Top Story: November 22, 2011

Biodiversity Informatics

Forest_on_San_Juan_Island

What do you get when you combine biodiversity and IT (Information Technology)? A totally 21st-century practice: biodiversity informatics.

Biodiversity informatics is a way to catalog life—its diversity and distribution, its past, its present—and potentially, its future. With the world changing so quickly, biodiversity informatics can be the key to protecting all of life on Earth.

The Academy’s Stan Blum leads our biodiversity informatics effort and his bio page describes his work well:

Academy scientists generate enormous amounts of information as they collect, describe, document, and compare organisms. That information comes in a variety of forms, including text, photographs, DNA sequences, taxonomic names, classifications, distributions maps, and ultimately publications.  Our goals in biodiversity informatics are to ensure that information is captured effectively when it is created, and flows efficiently through analysis, into appropriate outputs.

Capture Effectively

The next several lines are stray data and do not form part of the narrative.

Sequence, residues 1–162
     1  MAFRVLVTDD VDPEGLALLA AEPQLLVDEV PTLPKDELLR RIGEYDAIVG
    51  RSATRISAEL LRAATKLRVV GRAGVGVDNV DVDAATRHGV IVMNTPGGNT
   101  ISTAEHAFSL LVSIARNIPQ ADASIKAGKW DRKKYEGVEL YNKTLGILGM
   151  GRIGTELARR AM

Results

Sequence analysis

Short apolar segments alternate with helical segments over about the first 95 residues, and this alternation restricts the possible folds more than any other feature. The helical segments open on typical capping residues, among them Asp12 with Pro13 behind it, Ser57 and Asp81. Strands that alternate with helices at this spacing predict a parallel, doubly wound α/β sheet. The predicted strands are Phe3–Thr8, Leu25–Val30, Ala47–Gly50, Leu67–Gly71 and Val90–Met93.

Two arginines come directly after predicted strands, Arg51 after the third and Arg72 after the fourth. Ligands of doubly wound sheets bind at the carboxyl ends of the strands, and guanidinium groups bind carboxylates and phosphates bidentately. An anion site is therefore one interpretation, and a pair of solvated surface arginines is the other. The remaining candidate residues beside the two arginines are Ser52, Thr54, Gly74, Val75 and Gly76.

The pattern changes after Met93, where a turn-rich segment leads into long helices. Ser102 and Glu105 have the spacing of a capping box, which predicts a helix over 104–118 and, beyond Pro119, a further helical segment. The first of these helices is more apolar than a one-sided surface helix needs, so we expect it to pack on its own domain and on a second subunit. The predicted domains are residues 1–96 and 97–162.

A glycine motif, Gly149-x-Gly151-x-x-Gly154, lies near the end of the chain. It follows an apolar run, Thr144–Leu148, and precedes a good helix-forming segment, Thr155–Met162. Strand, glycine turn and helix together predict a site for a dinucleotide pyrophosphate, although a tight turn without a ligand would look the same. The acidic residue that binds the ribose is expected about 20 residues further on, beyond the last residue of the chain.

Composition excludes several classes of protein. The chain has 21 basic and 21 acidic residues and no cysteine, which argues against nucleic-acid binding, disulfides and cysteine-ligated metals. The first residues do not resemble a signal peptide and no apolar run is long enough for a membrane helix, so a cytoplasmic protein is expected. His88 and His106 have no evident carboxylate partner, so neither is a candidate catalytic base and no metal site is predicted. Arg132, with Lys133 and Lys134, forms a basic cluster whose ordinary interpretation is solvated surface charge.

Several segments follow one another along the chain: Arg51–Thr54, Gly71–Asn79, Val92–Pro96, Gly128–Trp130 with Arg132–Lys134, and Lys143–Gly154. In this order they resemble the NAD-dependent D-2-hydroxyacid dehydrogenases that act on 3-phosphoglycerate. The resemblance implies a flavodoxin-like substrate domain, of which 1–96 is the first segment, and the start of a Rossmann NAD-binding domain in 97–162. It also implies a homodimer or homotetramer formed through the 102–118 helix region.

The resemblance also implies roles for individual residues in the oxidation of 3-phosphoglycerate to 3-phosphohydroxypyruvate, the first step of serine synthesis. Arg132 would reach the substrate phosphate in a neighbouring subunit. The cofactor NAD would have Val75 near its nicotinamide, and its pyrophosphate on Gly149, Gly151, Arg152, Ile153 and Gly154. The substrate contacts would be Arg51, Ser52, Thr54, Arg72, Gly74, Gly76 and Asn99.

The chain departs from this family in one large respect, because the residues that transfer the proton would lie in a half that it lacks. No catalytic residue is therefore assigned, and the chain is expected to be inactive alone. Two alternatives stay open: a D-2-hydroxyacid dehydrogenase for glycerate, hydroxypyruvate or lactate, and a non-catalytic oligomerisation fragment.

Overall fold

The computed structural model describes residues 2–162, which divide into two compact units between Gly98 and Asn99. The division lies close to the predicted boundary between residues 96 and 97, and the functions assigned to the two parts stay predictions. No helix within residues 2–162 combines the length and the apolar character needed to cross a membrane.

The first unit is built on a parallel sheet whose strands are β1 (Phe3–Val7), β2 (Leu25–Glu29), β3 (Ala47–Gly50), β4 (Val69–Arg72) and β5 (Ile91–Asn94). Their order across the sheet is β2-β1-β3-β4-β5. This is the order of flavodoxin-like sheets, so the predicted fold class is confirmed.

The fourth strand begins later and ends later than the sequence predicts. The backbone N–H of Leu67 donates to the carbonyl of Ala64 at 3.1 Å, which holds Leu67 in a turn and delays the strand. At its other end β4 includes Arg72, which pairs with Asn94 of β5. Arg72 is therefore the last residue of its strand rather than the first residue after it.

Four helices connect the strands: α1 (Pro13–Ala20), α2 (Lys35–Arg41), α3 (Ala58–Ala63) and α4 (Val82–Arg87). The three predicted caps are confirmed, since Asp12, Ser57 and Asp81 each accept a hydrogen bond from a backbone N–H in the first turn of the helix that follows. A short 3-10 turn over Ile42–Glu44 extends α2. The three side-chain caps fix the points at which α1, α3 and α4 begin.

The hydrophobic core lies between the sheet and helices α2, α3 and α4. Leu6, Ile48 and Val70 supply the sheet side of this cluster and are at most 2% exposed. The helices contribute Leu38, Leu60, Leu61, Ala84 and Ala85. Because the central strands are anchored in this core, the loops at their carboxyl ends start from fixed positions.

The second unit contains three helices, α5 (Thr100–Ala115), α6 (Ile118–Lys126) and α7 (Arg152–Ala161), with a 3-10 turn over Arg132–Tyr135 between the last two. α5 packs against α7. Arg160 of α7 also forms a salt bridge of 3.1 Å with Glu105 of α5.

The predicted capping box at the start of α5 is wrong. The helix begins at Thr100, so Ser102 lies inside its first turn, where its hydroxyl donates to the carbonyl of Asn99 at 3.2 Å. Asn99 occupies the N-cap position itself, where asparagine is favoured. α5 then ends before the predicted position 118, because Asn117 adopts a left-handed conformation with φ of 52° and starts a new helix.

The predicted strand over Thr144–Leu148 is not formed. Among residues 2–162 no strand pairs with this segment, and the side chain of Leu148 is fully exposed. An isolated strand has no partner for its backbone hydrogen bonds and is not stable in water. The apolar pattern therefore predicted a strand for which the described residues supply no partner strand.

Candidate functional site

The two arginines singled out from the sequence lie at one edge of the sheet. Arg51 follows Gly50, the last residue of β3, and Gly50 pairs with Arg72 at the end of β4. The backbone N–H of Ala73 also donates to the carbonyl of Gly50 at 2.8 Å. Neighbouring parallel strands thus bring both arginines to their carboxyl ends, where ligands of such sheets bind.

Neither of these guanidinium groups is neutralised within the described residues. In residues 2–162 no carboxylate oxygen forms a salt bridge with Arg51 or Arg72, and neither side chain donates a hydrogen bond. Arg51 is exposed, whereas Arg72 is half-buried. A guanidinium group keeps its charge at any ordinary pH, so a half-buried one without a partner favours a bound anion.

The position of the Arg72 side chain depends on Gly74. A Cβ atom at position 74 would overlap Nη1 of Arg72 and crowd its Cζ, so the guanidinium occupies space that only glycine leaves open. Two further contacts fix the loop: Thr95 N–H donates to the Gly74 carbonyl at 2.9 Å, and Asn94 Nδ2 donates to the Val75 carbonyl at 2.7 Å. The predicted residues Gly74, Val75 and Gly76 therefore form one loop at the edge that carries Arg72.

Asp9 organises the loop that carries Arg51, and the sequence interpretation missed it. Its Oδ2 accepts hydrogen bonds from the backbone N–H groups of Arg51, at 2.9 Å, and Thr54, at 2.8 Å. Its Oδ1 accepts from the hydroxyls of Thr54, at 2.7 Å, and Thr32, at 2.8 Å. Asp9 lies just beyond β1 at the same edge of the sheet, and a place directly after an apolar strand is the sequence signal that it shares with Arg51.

While biodiversity informatics would not exist without 21st-century technology, it’s actually been around since the mid-80s, undertaken by a group called the Biodiversity Information Standards or TDWG, from their original name—the Taxonomic Databases Working Group. As their name implies, the importance is on creating an industry standard to share the information on life stored in the collections of institutions like ours. Stan attended their conference last month in New Orleans. Through conferences such as these, 250 or so biodiversity informatics scientists from all over the world develop new technologies and share best practices to catalog life—its evolution, ecology, biogeography and more.

Appropriate Outputs

Cataloging allows scientists throughout the world to use the data for different research projects. From building the Encyclopedia of Life to challenging old models of plant distributions on islands to understanding threatening invasive species—the primary data supporting these studies are assembled and shared through another organization called the Global Biodiversity Information Facility (GBIF).

And this is just the birth of this notion. As more collections—in addition to the Academy’s—become part of these catalogs, they will become more vital in protecting all life on our wonderful planet. “Conservation depends on this information,” Stan urges.

21st-century science to address 21st-century concerns…

Image: Tom Harpel/Wikipedia

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